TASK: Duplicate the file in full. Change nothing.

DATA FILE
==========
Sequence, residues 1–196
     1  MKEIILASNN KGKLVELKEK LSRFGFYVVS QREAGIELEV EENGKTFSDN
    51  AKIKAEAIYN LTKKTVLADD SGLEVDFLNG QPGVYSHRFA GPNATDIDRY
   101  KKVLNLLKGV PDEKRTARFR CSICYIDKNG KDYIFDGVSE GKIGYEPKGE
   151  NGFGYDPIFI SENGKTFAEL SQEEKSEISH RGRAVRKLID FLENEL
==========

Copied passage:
Sequence, residues 1–196
     1  MKEIILASNN KGKLVELKEK LSRFGFYVVS QREAGIELEV EENGKTFSDN
    51  AKIKAEAIYN LTKKTVLADD SGLEVDFLNG QPGVYSHRFA GPNATDIDRY
   101  KKVLNLLKGV PDEKRTARFR CSICYIDKNG KDYIFDGVSE GKIGYEPKGE
   151  NGFGYDPIFI SENGKTFAEL SQEEKSEISH RGRAVRKLID FLENEL